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A controversial sex education program, known as the three Rs — Rights, Respect and Responsibility — has been temporarily suspended. Courtesy photo
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Oceanside Unified to modify controversial sex-ed curriculum


OCEANSIDE — The controversial sexual education program for transitional kindergarten through sixth grade will be modified, according to officials from the Oceanside Unified School District.

The program, known as the three Rs — or Rights, Respect and Responsibility — has been temporarily suspended.

Last week, the district presented its findings from a survey circulated among staff, parents and community members. However, some staff and residents questioned the validity of the results, saying opposition to the sex education program disbursed the survey to people who do not live in Oceanside, have children attend OUSD schools or who are against the program due to religious purposes.

Vicki Gravlin, the district’s senior director of academic excellence and innovation, said there is no current plan to recirculate the survey. She said the matter will be brought before new superintendent Dr. Julie Vitale and wait for direction.

“The intent behind it was just to get an overview of both staff and community feedback,” Gravlin said. “That is the area with greatest discussion around it. We can’t confirm 100 percent that the individuals who responded were truly parents or guardians because it was an open-ended survey. It was a barometer for the community to see how they were feeling about the curriculum … and understanding.”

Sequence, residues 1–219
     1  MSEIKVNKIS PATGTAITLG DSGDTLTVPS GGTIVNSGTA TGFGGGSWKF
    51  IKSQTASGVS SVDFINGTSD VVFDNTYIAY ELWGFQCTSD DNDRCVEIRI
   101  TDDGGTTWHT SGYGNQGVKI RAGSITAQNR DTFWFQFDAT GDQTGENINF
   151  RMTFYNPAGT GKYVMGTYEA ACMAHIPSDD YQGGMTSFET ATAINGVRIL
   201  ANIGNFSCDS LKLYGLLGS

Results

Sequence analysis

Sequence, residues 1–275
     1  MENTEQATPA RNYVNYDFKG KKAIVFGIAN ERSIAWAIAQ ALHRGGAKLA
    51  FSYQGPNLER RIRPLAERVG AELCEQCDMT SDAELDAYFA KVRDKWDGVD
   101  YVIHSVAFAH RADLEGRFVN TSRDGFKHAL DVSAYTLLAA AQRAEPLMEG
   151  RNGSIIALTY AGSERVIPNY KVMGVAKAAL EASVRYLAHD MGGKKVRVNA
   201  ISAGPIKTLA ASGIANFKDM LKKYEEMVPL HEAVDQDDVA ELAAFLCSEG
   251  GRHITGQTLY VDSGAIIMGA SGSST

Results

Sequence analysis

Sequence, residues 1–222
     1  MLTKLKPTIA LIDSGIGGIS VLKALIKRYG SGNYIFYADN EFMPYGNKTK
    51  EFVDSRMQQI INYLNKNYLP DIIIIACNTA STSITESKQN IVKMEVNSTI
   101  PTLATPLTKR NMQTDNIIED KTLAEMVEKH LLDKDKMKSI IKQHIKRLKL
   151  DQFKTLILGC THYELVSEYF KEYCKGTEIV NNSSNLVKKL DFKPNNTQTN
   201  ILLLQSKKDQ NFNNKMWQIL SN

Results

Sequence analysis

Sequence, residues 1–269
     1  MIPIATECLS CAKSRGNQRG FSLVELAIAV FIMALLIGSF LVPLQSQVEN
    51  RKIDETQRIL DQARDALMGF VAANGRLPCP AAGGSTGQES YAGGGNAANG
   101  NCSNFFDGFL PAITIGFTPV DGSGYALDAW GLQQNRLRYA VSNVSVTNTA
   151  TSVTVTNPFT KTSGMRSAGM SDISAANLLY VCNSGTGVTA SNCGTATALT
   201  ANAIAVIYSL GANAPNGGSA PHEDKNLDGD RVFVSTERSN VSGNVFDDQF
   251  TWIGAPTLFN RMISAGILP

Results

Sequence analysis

In the meantime, Lisa Contreras, district director of communications, said the curriculum will be redesigned.

The issue is a source of contention between residents and parents. Many spoke during last week’s Board of Education meeting, with opinions from both sides.

Many who support the curriculum said the opposition is targeting LGBTQ and same-sex marriage curriculum, although the district said it has not received any such communications.

However, according to the curriculum posted on the Oceanside Unified website, much of what is taught to younger students concerns issues like the structure of a family and how to treat people.

“The biggest concern that we found from the survey was it was too much, too soon,” Contreras said. “So that was the biggest concern we heard from individuals we talked to … as well as what we got from the survey.”

Moving forward, the district will reintroduce a modified version and include additional training for teachers. The TK-6 curriculum is not mandated through the California Healthy Youth Act, which requires sex education at least once in middle school and at least once in high school.

As a comprehensive K thru 12-school system, Oceanside Unified elected a comprehensive approach to sexual health education that included instruction to students in grades K-6. Parents may opt out of the TK-6 curriculum.

As for opting in or out with the redesign, Contreras and Gravlin said the district has not made a determination yet.

Contreras said feedback from parents and community is why the TK-6 curriculum was suspended. Prior to the suspension, Gravlin said portions of the curriculum had been edited and rolled out to schools that decided how to instruct it.

As for claims the curriculum it is not medically accurate, Gravlin said it was previewed by medical professionals and followed protocols to ensure its accuracy. Some components were brought back and re-evaluated based on physicians’ expertise.

“There is a layout of lessons that need to be taught and we’re looking at the impact at each grade level and how we roll those out,” Gravlin said.

At times, the issue has become contentious. One man last week said Ann Corwin, the board president, threatened him during a previous meeting for his opinion. However, Contreras said one person was asked to leave for harassing and interrupting those voicing opposing viewpoints.